But, it needs to be understood that with this policy, other American products using steel, e.g. cars, planes, etc., will become expensive, and as a result people will stop buying US-made cars and other products. So, it must be very clear that protectionism is never a good option. The countries wishing to export these materials to the United States will have to pay more than they did in the past.

The trade volume between the United States and China is more than $600 billion, with the former having a trade deficit of around US$ 370 billion. Since the Trump administration wants to reduce this deficit level, it has imposed tariffs of 250 billion dollars on different Chinese products. In addition, the United States is calling back many American companies working in China. It is important to note here that the US adopted a protectionist policy called Smoot–Hawley Tariff ACT, but it completely failed during the Great Depression. In fact, this protectionist policy worsened the situation during those turbulent times for the world economy.

On the other hand, China has also imposed US$ 50 billion tariffs on imports from the United States. It has threatened the US to further increase import tariffs and impose stringent curbs and restrictions. Since China exports just 2 percent of its steel to the US; therefore, this tariff policy will not affect China much. Instead China can impose more tariffs on American products. At the end of the day, the US will be on the losing side. The EU, too, has decided to impose tariffs on American products in response to protectionist policies being followed by Trump administration.

Owing to the dividends of globalization, our world has become a global village where all countries are interlinked and interconnected. In this global community, cooperation as well as collaboration among its members, i.e. states, is important to pursue even their national interests. Also, adoption of an isolationist policy is not a good option anymore because in today’s world liberalism has become the most dominating theory. Both China and the United States should cooperate with each other to reap maximum benefits from the opportunity we call globalization.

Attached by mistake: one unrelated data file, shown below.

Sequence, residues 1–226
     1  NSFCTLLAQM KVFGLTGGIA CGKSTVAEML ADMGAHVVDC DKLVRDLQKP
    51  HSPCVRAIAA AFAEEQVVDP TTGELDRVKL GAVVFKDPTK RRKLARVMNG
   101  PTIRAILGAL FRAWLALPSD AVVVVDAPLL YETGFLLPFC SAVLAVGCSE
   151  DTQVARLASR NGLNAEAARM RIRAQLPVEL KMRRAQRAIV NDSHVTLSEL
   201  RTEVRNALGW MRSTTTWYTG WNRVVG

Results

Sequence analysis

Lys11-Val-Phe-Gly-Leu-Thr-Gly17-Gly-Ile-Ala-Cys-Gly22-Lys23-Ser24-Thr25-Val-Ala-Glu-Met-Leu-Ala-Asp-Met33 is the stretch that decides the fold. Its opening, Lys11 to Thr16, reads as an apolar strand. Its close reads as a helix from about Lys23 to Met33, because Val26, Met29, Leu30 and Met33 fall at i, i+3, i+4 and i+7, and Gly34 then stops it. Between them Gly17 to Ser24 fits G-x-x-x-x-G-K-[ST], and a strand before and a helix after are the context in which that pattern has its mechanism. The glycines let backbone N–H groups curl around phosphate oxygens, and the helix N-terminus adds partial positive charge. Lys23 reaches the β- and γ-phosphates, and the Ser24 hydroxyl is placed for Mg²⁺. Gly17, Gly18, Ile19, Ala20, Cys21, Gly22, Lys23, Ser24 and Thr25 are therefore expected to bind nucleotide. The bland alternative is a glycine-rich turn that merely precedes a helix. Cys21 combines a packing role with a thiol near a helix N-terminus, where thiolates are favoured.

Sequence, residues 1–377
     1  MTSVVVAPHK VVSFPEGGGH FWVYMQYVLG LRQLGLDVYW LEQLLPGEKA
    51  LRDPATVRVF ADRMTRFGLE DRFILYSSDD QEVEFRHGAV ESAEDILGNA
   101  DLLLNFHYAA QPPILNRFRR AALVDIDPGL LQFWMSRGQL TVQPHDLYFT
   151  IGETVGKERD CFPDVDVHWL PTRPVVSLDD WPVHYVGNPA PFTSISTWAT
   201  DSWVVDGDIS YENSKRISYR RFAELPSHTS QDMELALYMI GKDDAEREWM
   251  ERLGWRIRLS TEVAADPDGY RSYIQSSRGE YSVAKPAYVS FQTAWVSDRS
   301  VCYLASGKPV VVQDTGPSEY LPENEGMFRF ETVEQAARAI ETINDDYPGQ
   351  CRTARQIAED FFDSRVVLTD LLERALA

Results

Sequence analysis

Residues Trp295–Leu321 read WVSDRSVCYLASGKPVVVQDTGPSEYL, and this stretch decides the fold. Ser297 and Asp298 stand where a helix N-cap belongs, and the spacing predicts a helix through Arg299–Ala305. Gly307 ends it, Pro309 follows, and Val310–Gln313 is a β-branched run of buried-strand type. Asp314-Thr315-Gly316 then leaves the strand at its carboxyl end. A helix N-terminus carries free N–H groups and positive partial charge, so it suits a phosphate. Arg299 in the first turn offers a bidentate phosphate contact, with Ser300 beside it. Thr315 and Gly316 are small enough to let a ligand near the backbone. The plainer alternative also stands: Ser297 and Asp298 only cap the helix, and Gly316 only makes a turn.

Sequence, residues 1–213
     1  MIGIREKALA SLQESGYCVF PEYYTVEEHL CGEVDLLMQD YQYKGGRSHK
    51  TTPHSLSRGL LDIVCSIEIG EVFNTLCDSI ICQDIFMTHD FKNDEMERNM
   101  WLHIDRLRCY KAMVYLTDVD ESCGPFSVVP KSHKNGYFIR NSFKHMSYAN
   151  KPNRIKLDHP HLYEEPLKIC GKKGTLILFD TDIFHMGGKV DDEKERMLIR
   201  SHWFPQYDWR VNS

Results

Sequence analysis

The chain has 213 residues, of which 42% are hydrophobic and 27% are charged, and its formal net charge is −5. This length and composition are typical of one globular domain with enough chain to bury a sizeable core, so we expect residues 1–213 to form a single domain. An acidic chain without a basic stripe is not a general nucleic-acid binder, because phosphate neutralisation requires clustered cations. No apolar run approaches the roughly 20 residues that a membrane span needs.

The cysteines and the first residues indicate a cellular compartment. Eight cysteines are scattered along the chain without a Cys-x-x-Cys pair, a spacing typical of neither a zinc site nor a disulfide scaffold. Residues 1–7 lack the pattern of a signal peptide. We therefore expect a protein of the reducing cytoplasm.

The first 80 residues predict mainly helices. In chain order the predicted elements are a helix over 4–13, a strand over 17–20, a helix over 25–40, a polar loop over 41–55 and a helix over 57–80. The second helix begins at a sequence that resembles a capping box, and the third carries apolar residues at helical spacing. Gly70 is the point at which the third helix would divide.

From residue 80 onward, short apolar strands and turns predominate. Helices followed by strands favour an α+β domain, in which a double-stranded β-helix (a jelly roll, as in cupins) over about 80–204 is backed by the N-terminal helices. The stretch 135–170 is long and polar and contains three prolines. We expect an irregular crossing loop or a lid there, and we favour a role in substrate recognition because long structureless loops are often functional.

Important Quotes on Trade War

“When a country (USA) is losing many billions of dollars on trade with virtually every country it does business with, trade wars are good, and easy to win.”

—Donald Trump, President of the United States

“As globalisation deepens, the practices of law of jungle and winner-take-all are a dead end. The Chinese economy is a sea, not a pond. Storms can overturn a pond, but never a sea.”

— Xi Jinping, President of China

“The rules-based multilateral trading system is the bedrock of economic globalization and free trade, and provides important safeguards for win-win outcomes. The authority and efficacy of the system should be respected and protected. Some WTO rules do need to be improved. The right approach is for all to sit down as equals to find solutions.”

— Li Keqiang, Prime Minister of China

“As Treasury Secretary, I presided over the US response to the 2008 financial crisis, so I know a little something about systemic risk. And I simply cannot see how the international system can endure when the two countries that comprise some 40 percent of global GDP and over 50 percent of global growth are working at cross-purposes, attempting to de-integrate their two economies, and contesting the foundations of a rules-based order at every turn.”

— Hank Paulson, Former US Treasury Secretary